Nevertheless, one may conclude that a full reconciliation, or synthesis, between the two is still wanting and that there remain other important commonalities to which this essay will seek to provide an introduction. Some of what we will learn below will have implications for a general understanding of right, and that the truths we reveal are inescapable for any political philosophy. Others will be specifically pertinent to libertarianism and will provide us with insights as to how we can further the libertarian goal. Read more

Convivial costs

This is a brief addendum to my earlier essays on Conviviality and Good Governance.

In writing my recent paper about diesel cars, I found myself using the idea of “social cost.” The Business Dictionary defines this as “the expense to an entire society resulting from a news event, an activity or a change in policy.” Wikipedia calls it “the private cost plus externalities.” An externality from something is a cost or benefit that affects a party, who did not choose to incur that cost or benefit.

This set me thinking about how a convivial order, which includes a minimal system of good governance, would deal with such costs. (I’m assuming that an unintended benefit to others, or positive externality, wouldn’t require any action by anyone – except that the doer might choose to stop doing it.) The most obvious example of such a cost is the cost to others of pollution, such as air pollution, water pollution and noise pollution. But it can also be applied to other activities, such as the cost to innocent individuals of bad, politicized regulations and taxes. In this paper, however, for simplicity I’ll use the word “polluter” for the party causing such a cost.

Read more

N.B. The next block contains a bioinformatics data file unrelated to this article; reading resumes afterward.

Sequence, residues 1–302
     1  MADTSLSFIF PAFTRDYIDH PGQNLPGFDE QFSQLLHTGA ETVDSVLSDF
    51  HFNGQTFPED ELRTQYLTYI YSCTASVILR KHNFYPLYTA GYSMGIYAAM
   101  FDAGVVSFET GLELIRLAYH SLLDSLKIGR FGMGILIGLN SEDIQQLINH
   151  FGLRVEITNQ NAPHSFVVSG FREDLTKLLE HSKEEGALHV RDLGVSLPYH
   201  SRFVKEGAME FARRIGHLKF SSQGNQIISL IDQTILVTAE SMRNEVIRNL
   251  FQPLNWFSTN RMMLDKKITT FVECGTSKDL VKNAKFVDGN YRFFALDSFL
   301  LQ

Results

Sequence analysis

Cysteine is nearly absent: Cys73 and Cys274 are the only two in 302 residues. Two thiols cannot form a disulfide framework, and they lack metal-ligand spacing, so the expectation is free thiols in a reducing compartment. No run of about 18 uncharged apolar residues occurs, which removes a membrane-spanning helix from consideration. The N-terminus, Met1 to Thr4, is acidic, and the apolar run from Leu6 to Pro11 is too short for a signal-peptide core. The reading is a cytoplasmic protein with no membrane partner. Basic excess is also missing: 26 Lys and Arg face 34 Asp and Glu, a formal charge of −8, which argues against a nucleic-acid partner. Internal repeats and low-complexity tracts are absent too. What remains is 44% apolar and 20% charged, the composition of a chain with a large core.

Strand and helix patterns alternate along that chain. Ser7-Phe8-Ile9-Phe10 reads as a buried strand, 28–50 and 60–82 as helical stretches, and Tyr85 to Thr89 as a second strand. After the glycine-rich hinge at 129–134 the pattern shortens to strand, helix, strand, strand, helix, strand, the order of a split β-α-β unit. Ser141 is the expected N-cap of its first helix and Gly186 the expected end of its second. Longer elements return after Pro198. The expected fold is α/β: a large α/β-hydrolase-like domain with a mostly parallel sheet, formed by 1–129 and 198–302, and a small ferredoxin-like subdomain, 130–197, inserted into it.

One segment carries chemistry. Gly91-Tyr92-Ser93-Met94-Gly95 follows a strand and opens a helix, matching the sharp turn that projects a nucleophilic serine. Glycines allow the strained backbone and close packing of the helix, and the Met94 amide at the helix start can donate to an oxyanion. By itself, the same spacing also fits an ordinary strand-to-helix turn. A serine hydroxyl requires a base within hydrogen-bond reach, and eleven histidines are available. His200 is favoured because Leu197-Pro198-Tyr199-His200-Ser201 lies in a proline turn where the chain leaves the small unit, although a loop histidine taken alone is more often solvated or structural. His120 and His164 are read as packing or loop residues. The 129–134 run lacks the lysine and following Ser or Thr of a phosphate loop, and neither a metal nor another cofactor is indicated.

Green wasters

David Davis

When I drive around, usually in a hurry to do tasks and chores, I am often struck (not literally, thankfully) by the use of Municipal waste-collection vehicles, and the effect they often have on surrounding traffic.

Let me explain: I am not in principle against many parts of the GreeNazi-recycling terror currently oppressing us. It would be preferable if we were incentivised to recycle rather than threatened. Some things like metals can be recycled rather simply, and often have been until socialism lent a hand.  And I have always tried to recycle metals, even in the past befriending Gypsies who used to recover about 40% of British Steel’s volume input before they were turned en-masse into Accredited-State-Mendicants, Local-Authority-Authorised-Neighbourhood-Modifiers, and “travelling people”, in the hope of votes for apparatchiks.

Municipal waste-collection vehicles have become recently enormous. Moreover, they spend large time-segments occupying the entirety of a street to the effect that traffic can’t pass either way, while the “refuse disposal associate operatives” and “neighbourhood recycling co-ordinators” stride about in high-visibility-jackets, tipping nugatory amounts of metal, paper or plastic into compartments on their juggernaut, which proceeds at a pace bearing no relation to the street traffic.

I can’t help thinking that the nett contribution to atmospheric CO2 – if that is what the GreeNazis really care about or say they do – is increased due to these recycling activities. You have a large slow-moving diesel truck (indeed, in each Soviet there are many) plus the stalled traffic, engines idling for some minutes, either end of it. The amount of fuel burned while not going anywhere must be high, surely. The later savings in CO2 production due only to the recycling activities must be small in comparison.

Perhaps the whole thing is a gigantic Marxist-Leninist scam-trick, designed to load the economies of MEDCs*** with cost-burdens, so as to keep as large a proportion as possible of the world’s humans on or below the poverty-line…..so the same Marxist-Leninists can have a captive slave-brood to talk about….